Another advantage of spinal is that patients tend to wake up “smoother and slower”. The spinal anesthetic creates a temporary paralysis of the lower body but does not affect one’s ability to breathe on their own, speak and be fully present during surgery if that is the desire. Most patients (and their surgeons) want to sleep and not remember anything until after surgery and they are in the recovery room. Sleep is induced after the spinal is placed by administering a drug called propofol. It is a short acting medicine given intravenously that induces sleep and amnesia. It’s the same drug used routinely when someone has a colonoscopy and other short procedures. A different drug called versed is administered before the spinal and acts like a short acting valium to relax and also provides amnesia, so the patients doesn’t even remember having the spinal block placed. When the surgical procedure is complete, the propofol is stopped and soon after the patient awakes, but without pain because the spinal block is still active. As the spinal wears off, the patient can again actively move their lower legs. Surgical pain may develop slowly which is treated. This tends to be gradual and narcotics are more easily avoided or minimized.
When the inhalational gases used to induce general anesthesia are turned off, the patient awakes, but now with immediate postsurgical pain. Pain meds are again administered to treat postoperative pain but now more emergently and possibly in higher doses and using narcotics.
Another advantage of spine vs. general anesthesia is that with spinal anesthesia the patients’ mouth and neck are not manipulated. General anesthesia requires controlling the airway. Sometimes a breathing tube (endotracheal tube) is inserted into the trachea and temporary paralysis is induced so the patient does not breathe on their own. Some patients complain of a sore throat after. Patients who receive a spinal anesthesia breathe on their own because their diaphragm is not paralyzed and their airway is not manipulated.
The incidence of DVT or a blood clot developing in the lower extremities may also be less with regional anesthesia vs. general. This is partially because the patient maintains more natural muscular tone and movement throughout the procedure (not paralyzed) with a spinal anesthesia. Spinal anesthesia also lowers arterial and venous blood pressure resulting in less blood loss and a lesser need for postoperative blood transfusion than general anesthesia.
Spinal anesthesia is clearly preferred in some conditions such as COPD and other conditions with pulmonary compromise. During spinal anesthesia, patients breathe on their own and their diaphragm is not paralyzed. Many physicians and patients also prefer spinal when there is underlying cognitive decline such as dementia or Alzheimer’s disease. Some cervical deformities or a particularly difficult airway also make spinal anesthesia the preferred method for anesthesia.
There are some conditions where general anesthesia is the preferred method of anesthesia such as severe spinal deformity or lumbar spinal fusion. An individual with lower extremity neurologic deficits will often have a general anesthetic rather than a spinal for fear that spinal could be accused of making the condition worse. Certain cardiac conditions such as aortic stenosis make general anesthesia safer. Individuals with bleeding disorders also don’t usually have spinal anesthesia because of concern that the trauma of the needle inserted through the lumbar spinal dura could cause bleeding into the subarachnoid space (the fluid-filled space that surrounds the brain, spinal cord and nerve roots). These individuals are best cared for with a general anesthetic. Occasionally, a spinal anesthetic does not provide a complete block or wears off before the procedure is done. The patient is then administered a general.
A disadvantage of spinal anesthesia is that the urinary bladder is temporarily paralyzed and remains paralyzed until the spinal has worn off. With traditional spinal duration, this was too long a time period for the bladder not to be emptied, so a foley catheter (thin tube inserted into the bladder) is inserted. When patients stayed overnight, this was not a problem. This situation is not optimal for someone going home the same day as their surgery. With a general anesthetic, the bladder is not temporary paralyzed.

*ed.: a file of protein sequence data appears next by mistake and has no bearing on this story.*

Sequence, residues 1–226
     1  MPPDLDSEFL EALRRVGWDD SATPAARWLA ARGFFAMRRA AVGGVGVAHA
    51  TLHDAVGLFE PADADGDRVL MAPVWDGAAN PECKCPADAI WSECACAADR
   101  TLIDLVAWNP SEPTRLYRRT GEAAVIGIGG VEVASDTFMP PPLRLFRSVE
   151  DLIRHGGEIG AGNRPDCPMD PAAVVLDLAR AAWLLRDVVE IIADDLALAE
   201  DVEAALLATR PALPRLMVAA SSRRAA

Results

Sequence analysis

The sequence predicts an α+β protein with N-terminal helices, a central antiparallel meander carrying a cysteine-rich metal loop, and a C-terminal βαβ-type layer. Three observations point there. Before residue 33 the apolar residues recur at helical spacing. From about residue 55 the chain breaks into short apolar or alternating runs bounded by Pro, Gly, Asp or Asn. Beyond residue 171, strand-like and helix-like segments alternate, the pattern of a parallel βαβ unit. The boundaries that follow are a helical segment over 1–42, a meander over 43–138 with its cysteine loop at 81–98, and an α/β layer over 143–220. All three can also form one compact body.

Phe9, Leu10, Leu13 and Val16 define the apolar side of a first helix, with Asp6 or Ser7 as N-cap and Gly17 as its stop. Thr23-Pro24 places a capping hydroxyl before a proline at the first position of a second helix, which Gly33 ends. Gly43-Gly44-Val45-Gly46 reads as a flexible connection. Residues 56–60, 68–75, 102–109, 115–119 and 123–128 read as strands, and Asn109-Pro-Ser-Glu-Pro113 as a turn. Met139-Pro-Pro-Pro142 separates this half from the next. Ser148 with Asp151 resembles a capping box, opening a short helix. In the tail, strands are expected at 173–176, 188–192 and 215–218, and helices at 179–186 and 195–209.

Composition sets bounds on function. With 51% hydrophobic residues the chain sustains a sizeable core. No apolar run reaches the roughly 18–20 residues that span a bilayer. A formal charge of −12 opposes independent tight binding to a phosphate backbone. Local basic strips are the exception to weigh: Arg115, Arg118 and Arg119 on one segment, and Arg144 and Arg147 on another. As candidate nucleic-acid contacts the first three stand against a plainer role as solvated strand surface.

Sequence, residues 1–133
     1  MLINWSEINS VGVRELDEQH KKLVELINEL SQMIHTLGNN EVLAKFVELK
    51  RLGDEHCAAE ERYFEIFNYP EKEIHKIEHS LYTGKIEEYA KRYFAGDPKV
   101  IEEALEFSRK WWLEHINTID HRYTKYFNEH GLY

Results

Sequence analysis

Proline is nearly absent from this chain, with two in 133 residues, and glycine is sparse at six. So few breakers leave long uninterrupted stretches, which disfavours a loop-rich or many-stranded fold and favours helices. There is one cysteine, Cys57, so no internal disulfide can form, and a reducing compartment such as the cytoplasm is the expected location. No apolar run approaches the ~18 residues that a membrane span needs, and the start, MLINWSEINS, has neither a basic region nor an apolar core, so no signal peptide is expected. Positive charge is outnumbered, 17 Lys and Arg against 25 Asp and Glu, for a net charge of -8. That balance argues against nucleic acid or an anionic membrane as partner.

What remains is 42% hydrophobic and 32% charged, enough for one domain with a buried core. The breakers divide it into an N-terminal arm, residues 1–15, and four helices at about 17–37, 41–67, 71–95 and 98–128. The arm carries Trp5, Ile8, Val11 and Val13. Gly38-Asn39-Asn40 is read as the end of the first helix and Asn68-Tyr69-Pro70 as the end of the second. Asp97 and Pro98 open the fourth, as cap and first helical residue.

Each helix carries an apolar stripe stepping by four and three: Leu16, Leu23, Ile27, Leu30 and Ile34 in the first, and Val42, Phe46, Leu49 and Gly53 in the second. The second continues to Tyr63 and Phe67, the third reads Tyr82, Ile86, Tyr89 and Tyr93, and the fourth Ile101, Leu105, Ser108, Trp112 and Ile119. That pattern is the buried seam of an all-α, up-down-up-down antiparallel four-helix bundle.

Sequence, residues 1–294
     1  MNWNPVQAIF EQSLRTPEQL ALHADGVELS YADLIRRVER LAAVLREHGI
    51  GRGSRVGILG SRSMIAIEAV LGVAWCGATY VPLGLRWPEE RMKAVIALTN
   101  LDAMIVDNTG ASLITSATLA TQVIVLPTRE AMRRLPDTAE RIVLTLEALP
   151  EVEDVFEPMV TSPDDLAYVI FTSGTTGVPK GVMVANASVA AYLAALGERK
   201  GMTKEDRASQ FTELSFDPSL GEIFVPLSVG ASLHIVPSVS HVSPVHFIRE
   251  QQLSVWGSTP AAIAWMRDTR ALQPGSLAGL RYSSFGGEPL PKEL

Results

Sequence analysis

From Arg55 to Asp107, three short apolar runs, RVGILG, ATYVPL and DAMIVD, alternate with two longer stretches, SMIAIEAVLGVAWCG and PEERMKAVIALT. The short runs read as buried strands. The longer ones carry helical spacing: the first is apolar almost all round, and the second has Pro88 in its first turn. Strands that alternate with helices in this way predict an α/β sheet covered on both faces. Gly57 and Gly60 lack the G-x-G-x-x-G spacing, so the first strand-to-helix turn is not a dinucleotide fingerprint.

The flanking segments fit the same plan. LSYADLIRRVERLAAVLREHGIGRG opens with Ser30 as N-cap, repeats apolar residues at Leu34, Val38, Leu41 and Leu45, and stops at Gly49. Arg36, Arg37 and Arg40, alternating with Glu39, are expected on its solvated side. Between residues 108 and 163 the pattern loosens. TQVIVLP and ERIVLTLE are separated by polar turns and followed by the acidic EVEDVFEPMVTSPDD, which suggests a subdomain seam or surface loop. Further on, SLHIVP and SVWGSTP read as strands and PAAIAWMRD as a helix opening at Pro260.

Many centers have gone back to administering general for all their patients who undergo a hip or knee replacement, especially in the outpatient setting because it is more efficient. I struggled with this because I did not want to give up the advantages of a regional (spinal) anesthetic.
By working with a select team of anesthesiologist and nurse anesthetist at Holy Cross Health, we have modified our spinal technique so that nearly all patients will continue to be offered their choice of spinal anesthesia or general and still go home just hours after surgery. We’ve been affectionately referring to our modification spinal as a “mini spinal”. It is just as effective but lasts a shorter period of time. Patients do not require a foley catheter and can go home later that same day. I consider this the “best of both worlds”.
The amount and type of local anesthesia that is injected into the lumbar spine subarachnoid space determines how long the neurologic blockage (paralysis) will last. The amount selected is based on a patient’s height, age and the estimated time the procedure will take. The shorter a patient, the shorter their lumbar spine subarachnoid space and so the less local anesthetic required. Older individuals tend to metabolize (breakdown) the local anesthetic slower, so less is required. If the total time needed for the procedure is relatively short and the surgical team is “practiced and experienced”, then less local is injected, resulting in a shorter acting block.
The vast majority of my patients continue to receive spinal anesthesia, do not require a foley catheter, walk several hours after their surgery and go home. Our anesthetic teams are using a short acting local anesthetic called Marcaine (Bupivacaine). They are instilling approximately 40% less volume than what was traditionally administered. During surgery, I am unable to tell any difference, other than patients are now routinely fully awake, alert and moving their legs and ready to walk sooner. It does require a practiced and predictable team that works as a team. It’s been very gratifying. I really do feel they’re getting the best of both worlds.
Dr. William A. Leone is head of The Leone Center for Orthopedic Care at Holy Cross Health in Fort Lauderdale, Florida and has earned a reputation as one of the nation’s top orthopedic surgeons. An orthopedic surgeon with extensive experience, his specialty is solving complex hip and knee problems. We thank you for your readership. If you would like a personal consultation, please contact our office at 954-489-4584 or by email at LeoneCenter@Holy-cross.com.